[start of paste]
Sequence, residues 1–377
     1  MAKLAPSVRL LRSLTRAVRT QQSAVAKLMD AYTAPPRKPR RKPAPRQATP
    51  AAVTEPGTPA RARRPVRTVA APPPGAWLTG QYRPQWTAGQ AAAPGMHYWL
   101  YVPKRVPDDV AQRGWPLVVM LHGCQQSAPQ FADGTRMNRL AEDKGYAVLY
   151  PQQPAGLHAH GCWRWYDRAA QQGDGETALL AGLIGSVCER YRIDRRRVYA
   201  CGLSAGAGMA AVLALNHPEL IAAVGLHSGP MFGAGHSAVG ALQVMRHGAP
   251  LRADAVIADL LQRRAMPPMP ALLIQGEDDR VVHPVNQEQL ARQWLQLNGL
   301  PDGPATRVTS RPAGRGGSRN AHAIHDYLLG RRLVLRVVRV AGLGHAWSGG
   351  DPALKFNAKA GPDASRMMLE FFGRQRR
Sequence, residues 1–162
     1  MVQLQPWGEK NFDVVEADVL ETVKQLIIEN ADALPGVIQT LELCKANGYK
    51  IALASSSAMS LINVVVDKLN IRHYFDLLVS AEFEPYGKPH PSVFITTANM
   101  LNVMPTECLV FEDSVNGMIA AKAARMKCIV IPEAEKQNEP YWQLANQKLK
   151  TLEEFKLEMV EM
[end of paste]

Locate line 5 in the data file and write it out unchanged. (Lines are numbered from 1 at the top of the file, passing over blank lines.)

   151  PQQPAGLHAH GCWRWYDRAA QQGDGETALL AGLIGSVCER YRIDRRRVYA